Something to Hoot About as MTN Partners with Owl Rescue Centre to Protect Barn Owls Nesting in Cell Towers

With the high mortality rate of owls and, as one of the most common wildlife casualties brought into veterinary practices, MTN is launching a conservation partnership with the Owl Rescue Centre to provide safe homes for owls nesting in MTN towers. 

Today’s launch of the #OwlNetwork project is aimed at securing urban homes for Barn Owls and will see 100 boxes installed in network towers. MTN Barn Owl boxes are being made from recycled materials and the little houses will be installed in high-density areas across Johannesburg North and West, with the other provinces to follow.  

“MTN has a responsibility to protect the environment so that our customers and communities can live in harmony with their surroundings,” says Jacqui O’Sullivan, MTN SA’s Executive for Corporate Affairs. 

O’Sullivan says MTN decided to take active steps when it became clear that there were growing numbers of Barn Owl families nesting in MTN towers. 

“They are naturally drawn to urban areas, preferring to make their nests within existing structures and feed off rodents that are prevalent in urban environments. MTN towers are often a favoured location for a nest,” says O’Sullivan. 

MTN chose to work with the Owl Rescue Centre on Project #OwlNetwork thanks to its proud history of rescue and rehabilitation of owls around the country. The Owl Rescue Centre team travels all over South Africa removing Barn Owls and other raptor nests, eggs and young from cell towers – but this comes at a cost and they can’t be expected to do it all themselves.  

“The Owl Rescue Centre has been doing an amazing job in ensuring the safety of both the owls and the mobile operator technicians, and we had no hesitation in partnering with them to do even more to help,” says O’Sullivan. 

Danelle Murray, Co-Founder & Director of Owl Rescue Centre says the top of towers and often, the inside floor areas are used for nests.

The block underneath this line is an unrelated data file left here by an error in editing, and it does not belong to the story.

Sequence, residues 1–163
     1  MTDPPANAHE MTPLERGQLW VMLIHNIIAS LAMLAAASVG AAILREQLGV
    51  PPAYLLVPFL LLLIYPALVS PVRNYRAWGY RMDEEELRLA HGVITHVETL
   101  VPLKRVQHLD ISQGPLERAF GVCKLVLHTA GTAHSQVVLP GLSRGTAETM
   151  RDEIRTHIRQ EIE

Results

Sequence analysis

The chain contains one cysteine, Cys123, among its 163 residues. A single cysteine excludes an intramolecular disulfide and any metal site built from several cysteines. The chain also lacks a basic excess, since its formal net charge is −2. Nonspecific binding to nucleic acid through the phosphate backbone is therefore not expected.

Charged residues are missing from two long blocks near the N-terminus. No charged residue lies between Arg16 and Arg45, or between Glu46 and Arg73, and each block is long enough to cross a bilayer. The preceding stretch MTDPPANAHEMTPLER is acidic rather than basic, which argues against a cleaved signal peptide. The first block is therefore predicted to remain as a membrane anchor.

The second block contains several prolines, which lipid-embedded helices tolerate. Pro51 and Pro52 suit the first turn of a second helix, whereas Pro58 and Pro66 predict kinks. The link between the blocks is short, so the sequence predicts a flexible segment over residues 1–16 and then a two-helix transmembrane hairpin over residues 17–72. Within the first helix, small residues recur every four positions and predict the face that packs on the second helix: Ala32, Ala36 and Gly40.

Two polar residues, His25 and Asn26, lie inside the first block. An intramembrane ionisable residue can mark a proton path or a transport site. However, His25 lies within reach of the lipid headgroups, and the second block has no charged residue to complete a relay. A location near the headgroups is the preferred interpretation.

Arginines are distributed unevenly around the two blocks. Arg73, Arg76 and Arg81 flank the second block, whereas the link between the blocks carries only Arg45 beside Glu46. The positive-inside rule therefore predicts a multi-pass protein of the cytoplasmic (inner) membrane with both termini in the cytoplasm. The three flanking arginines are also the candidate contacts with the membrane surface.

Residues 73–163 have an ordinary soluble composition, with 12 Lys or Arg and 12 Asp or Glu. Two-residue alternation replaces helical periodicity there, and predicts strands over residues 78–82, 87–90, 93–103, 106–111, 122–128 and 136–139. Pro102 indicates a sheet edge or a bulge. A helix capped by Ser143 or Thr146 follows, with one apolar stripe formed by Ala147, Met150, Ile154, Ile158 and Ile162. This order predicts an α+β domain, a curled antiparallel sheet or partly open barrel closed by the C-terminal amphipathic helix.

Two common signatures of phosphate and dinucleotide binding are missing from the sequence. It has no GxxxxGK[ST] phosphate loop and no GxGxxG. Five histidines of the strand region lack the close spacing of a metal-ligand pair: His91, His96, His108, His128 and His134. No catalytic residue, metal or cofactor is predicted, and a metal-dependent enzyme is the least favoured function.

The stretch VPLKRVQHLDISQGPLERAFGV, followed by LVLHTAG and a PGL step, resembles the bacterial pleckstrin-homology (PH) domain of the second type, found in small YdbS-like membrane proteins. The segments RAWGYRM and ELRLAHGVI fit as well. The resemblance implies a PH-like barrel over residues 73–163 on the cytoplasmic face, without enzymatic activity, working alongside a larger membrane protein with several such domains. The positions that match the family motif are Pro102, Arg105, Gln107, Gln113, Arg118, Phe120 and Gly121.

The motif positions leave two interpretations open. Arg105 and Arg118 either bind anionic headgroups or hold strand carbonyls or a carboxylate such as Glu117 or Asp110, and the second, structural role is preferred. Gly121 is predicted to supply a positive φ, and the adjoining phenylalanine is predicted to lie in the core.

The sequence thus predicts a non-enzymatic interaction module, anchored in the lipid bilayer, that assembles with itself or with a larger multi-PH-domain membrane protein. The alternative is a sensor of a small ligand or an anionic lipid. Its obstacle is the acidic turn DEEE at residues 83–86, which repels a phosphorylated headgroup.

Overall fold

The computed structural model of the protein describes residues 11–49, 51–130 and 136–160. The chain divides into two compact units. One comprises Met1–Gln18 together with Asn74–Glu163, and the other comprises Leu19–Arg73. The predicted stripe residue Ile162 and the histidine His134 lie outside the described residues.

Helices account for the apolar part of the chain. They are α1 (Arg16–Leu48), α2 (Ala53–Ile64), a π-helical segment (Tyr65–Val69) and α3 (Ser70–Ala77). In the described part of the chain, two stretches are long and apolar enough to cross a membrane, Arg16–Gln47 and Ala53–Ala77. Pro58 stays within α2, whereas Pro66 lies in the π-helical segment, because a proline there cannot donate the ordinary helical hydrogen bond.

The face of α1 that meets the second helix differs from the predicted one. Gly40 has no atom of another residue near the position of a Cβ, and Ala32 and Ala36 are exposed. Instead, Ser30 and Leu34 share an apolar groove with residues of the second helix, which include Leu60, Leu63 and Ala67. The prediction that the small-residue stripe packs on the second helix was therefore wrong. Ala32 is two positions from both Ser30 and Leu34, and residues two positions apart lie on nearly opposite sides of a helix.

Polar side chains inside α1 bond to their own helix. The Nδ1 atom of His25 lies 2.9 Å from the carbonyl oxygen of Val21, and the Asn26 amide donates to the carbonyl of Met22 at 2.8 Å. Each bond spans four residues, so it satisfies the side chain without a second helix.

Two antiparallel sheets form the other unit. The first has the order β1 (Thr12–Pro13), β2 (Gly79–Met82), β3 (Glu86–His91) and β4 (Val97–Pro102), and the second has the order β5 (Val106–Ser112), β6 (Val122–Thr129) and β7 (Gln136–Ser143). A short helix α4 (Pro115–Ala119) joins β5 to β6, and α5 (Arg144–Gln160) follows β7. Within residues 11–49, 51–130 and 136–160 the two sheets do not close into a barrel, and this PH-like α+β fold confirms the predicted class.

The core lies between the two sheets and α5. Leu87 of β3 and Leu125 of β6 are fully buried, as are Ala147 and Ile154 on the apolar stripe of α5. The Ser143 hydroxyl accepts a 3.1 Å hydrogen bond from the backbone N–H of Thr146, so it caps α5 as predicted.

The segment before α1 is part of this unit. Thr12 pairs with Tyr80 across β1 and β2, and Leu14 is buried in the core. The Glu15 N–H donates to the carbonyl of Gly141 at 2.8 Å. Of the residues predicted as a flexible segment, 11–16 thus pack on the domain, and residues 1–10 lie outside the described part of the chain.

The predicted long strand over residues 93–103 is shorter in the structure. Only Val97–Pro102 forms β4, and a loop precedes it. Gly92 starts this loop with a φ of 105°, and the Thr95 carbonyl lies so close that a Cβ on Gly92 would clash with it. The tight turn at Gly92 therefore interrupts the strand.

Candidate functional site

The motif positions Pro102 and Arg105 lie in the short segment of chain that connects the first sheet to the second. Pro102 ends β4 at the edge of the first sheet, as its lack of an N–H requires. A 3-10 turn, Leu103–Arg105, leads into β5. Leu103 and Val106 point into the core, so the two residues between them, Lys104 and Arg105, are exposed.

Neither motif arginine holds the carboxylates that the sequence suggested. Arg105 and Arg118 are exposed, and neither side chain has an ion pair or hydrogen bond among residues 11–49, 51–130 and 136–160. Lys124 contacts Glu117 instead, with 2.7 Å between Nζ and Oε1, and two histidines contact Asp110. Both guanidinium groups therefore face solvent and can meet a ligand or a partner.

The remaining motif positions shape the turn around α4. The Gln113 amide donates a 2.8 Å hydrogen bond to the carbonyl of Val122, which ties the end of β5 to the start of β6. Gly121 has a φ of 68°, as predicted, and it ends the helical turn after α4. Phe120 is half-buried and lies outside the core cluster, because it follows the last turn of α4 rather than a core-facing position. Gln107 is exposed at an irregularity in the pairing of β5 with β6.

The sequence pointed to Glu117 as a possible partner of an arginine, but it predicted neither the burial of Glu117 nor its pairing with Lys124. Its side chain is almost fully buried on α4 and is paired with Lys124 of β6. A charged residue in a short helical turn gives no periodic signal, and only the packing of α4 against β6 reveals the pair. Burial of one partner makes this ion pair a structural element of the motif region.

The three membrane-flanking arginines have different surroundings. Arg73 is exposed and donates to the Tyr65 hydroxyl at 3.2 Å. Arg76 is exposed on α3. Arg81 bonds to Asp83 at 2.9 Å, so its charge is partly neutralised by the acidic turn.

“This delays maintenance work on towers as eggs and young birds need to be removed before technicians can access the tower cables and equipment. Owl houses provide a safe nesting site, which in turn will help grow the owl population in suburbs, creating a natural solution to rodent control. Owls don’t make their own nests, instead they make use of man-made structures, such as Owl houses, to breed in,” she says. 

Through #OwlNetwork project, the Owl Rescue Centre will make the owl boxes from recycled plastic. These boxes are durable and can be used for several years without any maintenance being necessary. It will provide the owls with a sheltered spot to nest that will not interfere with the network and technicians. 

“Saving owls gives my life a distinct purpose and meaning, and I will always consider it a great privilege. We thank MTN for hearing the call for corporates to do more to help protect, rehabilitate and grow the populations of these wonderful – but increasingly threatened – species. It is imperative nature and animals are protected in our interconnected and interdependent existence,” says Murray. 

“MTN believes in the power of connectivity to brighten lives and this means we need to be increasingly aware of our environment, of nature and the need to work together to do no harm,” concludes O’Sullivan.